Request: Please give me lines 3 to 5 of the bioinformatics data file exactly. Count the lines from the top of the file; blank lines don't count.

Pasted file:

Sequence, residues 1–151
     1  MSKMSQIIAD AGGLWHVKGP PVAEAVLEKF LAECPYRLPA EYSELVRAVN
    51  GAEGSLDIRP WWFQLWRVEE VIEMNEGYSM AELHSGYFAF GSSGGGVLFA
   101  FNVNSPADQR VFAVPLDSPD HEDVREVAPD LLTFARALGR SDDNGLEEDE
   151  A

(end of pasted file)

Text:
    51  GAEGSLDIRP WWFQLWRVEE VIEMNEGYSM AELHSGYFAF GSSGGGVLFA
   101  FNVNSPADQR VFAVPLDSPD HEDVREVAPD LLTFARALGR SDDNGLEEDE
   151  A